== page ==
Sonny Ray BYRNE, Appellant v. The STATE of Texas, Appellee.
Appellant Sonny Ray Byrne was charged with sexual assault of a child under section 22.011(a)(2)(A) of the Texas Penal Code, Texas's strict liability child sexual assault provision (the statutory rape statute). After the trial court denied his pre-trial motion to quash the indictment, which challenged the constitutionality of the statute under the due process clause of the United State Constitution and due course of law under the Texas Constitution, Byrne pled nolo contendere to the charge. The court sentenced him to seven years confinement in the Texas Department of Criminal Justice—Institutional Division, and assessed a fine of $1,500.00. On appeal, Byrne contends the trial court erred in denying his motion to quash because the statute does not have a mens rea requirement and does not permit the affirmative defense of mistake of fact, rendering it constitutionally infirm.1 We affirm the trial court's judgment.
A detailed rendition of the facts is unnecessary for our disposition of the appeal. Accordingly, we will provide only a brief factual statement for context and as necessary for resolution of Byrne's point of error.
The stipulated facts establish Byrne had consensual sex with the fourteen-year-old female complainant in the back of his car outside a movie theater. The complainant admitted she called Byrne and asked him to come to the theater. She also admitted they had sex on other occasions. An outcry witness ultimately contacted the authorities and told them Byrne had sex with the complainant.
After an investigation, Byrne was arrested and indicted for sexual assault of a child under the statutory rape provision. Before trial, Byrne filed a motion to quash the indictment, contending section 22.011(a)(2)(A) violates his rights under the United States and Texas Constitutions because of its failure to require the State to prove he had a culpable mental state relating to the victim's age, thereby precluding Byrne from asserting the affirmative defense of mistake of fact, i.e., that he reasonably believed the complainant was seventeen years of age or older. After a hearing, the trial court denied the motion to quash. Thereafter, Byrne pled nolo contendere, was sentenced, and then perfected this appeal.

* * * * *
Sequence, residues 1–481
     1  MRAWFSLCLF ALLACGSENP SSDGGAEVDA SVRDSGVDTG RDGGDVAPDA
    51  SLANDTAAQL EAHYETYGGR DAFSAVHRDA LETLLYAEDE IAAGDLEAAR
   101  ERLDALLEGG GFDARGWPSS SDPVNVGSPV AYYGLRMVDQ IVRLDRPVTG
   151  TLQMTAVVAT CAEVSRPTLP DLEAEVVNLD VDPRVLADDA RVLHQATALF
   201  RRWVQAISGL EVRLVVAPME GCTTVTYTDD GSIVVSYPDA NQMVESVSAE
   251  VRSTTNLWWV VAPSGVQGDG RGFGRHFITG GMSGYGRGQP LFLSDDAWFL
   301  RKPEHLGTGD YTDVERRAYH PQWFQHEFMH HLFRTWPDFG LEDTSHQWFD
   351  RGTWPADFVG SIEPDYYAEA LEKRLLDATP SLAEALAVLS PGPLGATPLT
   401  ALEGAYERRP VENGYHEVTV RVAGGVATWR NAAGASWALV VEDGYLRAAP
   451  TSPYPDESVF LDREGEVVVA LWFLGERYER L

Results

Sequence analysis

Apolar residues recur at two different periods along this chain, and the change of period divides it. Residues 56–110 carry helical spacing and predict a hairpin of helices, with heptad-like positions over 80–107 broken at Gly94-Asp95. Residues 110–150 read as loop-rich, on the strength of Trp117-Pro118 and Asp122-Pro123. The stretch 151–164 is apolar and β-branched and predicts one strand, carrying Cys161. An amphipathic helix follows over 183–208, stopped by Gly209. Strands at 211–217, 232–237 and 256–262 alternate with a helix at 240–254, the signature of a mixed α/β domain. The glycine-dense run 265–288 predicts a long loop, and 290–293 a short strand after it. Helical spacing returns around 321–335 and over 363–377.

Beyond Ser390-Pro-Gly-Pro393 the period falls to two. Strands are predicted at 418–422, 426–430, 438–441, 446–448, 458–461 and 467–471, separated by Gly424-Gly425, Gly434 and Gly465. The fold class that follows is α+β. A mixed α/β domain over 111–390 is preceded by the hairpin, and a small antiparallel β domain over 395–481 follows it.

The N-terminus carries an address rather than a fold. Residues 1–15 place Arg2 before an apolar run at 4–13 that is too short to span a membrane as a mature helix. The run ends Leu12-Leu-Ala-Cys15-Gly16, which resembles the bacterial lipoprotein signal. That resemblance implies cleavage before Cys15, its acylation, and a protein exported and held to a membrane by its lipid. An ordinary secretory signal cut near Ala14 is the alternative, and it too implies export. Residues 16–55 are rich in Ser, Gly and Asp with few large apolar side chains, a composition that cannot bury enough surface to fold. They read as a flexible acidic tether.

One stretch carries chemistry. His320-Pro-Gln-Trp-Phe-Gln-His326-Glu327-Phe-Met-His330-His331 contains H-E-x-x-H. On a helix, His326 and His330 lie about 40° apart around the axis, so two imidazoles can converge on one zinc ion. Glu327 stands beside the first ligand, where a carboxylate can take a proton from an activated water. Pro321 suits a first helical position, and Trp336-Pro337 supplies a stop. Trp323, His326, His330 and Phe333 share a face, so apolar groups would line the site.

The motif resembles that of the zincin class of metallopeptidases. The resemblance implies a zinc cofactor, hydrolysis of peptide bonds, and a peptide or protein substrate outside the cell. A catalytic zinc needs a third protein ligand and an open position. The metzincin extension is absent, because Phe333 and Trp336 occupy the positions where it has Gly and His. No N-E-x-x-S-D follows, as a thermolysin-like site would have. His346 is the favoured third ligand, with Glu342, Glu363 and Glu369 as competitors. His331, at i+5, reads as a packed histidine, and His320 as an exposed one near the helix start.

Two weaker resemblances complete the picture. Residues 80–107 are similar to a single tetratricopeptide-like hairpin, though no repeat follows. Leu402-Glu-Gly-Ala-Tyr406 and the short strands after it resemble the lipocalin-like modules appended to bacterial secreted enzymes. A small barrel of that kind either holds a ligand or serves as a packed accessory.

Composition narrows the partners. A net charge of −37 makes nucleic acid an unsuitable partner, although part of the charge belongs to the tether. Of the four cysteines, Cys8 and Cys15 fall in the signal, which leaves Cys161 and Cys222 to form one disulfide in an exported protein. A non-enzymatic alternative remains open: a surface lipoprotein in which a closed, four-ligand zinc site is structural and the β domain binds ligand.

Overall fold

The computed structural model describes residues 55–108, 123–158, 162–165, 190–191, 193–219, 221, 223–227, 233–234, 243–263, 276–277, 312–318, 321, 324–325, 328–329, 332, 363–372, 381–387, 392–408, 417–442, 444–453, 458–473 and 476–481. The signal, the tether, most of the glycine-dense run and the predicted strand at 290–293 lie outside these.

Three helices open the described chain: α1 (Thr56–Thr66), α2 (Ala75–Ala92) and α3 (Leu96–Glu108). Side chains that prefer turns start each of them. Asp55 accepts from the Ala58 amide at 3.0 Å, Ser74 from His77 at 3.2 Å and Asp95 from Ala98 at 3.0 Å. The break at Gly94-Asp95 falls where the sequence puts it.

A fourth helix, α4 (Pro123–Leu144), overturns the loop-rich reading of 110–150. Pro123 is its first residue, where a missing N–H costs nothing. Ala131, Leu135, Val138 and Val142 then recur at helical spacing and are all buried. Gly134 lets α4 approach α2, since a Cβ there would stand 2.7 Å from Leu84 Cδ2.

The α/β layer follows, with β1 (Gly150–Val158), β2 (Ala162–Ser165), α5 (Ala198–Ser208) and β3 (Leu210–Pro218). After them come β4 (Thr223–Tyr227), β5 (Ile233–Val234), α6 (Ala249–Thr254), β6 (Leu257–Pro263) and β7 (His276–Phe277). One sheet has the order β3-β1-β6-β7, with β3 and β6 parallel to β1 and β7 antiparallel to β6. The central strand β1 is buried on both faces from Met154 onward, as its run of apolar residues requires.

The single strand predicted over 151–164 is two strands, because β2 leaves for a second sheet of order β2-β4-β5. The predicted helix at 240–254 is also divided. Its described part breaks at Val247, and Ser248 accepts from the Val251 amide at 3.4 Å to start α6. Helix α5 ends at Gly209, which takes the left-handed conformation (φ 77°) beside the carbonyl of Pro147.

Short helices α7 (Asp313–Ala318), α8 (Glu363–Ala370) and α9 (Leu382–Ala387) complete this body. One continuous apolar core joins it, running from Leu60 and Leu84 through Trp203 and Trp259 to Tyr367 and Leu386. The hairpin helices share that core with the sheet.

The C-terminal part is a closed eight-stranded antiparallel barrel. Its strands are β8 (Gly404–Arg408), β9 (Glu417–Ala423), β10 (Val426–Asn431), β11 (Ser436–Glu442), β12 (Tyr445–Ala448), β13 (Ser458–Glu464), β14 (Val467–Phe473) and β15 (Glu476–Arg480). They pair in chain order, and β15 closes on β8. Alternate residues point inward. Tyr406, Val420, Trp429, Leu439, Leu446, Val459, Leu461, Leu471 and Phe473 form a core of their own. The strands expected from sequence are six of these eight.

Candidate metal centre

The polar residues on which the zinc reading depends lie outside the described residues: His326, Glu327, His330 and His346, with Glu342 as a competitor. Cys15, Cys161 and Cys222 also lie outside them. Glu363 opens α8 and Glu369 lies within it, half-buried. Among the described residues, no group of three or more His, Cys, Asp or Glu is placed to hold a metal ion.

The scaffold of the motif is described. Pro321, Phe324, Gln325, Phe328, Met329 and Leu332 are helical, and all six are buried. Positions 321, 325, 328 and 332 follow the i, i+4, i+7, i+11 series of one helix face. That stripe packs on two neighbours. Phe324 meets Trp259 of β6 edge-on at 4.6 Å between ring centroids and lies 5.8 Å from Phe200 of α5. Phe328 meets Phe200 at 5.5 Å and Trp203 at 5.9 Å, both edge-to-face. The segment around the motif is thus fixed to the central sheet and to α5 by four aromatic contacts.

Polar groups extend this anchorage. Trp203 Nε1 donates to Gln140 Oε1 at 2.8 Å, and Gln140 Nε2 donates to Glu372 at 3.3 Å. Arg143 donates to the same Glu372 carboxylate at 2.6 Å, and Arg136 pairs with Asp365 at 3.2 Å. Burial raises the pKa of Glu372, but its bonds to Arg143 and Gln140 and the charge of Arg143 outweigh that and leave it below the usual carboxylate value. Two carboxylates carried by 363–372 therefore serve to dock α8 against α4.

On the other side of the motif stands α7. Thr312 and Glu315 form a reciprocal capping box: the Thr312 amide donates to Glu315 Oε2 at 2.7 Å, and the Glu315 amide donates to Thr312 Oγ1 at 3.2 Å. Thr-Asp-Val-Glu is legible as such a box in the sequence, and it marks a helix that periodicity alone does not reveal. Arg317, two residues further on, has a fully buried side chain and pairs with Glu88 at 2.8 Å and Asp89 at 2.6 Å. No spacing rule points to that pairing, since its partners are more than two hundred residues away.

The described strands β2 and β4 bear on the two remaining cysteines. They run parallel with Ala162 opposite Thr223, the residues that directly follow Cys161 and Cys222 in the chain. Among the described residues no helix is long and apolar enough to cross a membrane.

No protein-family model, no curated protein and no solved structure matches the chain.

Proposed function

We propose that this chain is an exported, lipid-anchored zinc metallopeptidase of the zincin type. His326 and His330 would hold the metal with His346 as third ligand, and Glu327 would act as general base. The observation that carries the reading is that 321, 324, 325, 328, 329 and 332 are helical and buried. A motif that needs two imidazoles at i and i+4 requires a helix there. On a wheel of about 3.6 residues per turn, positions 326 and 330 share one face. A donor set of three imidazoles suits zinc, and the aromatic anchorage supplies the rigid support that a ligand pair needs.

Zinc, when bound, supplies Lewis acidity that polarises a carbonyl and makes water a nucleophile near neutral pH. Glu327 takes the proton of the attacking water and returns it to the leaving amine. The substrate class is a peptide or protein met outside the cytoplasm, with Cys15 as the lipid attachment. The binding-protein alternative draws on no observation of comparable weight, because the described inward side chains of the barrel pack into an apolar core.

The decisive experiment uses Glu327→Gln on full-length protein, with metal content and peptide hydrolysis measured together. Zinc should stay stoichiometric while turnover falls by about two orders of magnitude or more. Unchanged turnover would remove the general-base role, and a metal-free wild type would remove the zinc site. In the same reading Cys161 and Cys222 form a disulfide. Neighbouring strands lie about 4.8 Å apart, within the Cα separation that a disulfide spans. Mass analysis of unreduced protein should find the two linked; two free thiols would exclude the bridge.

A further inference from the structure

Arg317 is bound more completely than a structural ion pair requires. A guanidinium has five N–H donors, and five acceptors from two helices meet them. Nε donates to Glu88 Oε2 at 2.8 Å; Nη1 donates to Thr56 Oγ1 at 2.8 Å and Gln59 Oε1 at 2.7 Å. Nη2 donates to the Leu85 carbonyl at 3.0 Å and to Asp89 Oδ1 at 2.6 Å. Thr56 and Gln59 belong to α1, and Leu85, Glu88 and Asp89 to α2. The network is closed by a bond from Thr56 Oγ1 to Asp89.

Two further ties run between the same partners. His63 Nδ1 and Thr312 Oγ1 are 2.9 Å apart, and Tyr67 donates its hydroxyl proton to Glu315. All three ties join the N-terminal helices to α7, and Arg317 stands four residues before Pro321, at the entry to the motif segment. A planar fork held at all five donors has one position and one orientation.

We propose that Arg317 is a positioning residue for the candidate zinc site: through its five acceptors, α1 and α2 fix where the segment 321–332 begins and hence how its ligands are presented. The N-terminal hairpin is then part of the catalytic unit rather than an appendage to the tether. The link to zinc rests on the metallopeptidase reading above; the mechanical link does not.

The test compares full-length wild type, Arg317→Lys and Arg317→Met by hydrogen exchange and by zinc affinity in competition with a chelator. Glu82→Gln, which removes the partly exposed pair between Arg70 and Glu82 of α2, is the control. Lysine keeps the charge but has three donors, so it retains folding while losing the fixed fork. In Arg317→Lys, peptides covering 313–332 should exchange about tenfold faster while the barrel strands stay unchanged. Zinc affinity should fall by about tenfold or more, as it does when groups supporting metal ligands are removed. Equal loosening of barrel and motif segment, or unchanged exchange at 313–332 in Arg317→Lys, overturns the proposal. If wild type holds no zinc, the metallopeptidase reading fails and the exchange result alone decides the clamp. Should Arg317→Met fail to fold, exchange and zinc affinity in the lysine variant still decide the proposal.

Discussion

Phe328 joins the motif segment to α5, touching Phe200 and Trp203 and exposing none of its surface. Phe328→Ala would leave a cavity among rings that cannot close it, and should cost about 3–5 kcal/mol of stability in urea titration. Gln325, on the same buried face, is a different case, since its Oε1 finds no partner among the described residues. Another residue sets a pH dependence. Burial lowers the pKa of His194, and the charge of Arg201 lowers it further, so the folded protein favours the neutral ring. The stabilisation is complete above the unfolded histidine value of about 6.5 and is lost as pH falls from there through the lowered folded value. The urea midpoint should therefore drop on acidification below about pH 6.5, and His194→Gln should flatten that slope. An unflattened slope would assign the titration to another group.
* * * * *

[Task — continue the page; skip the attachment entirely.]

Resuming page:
In his appeal, Byrne contests the constitutionality of section 22 .011(a)(2)(A) of the penal code, i.e., strict liability statutory rape statute, under the state due course of law and federal due process provisions. He also contends section 6.02 of the Texas Penal Code imposes a mens rea component on section 22.011(a)(2)(A).
To sustain a conviction under the statute, the State must prove beyond a reasonable doubt that the defendant “intentionally or knowingly cause[d] the penetration of the anus or sexual organ of a child by any means.” Tex. Penal Code Ann. § 22.011(a)(2)(A). A “child” under this statute is defined as any “person younger than 17 years of age.” Id. at § 22.011(c)(1). The statute does not require the State to prove a culpable mental state with regard to the victim's age and does not provide for the related affirmative defense of mistake of fact.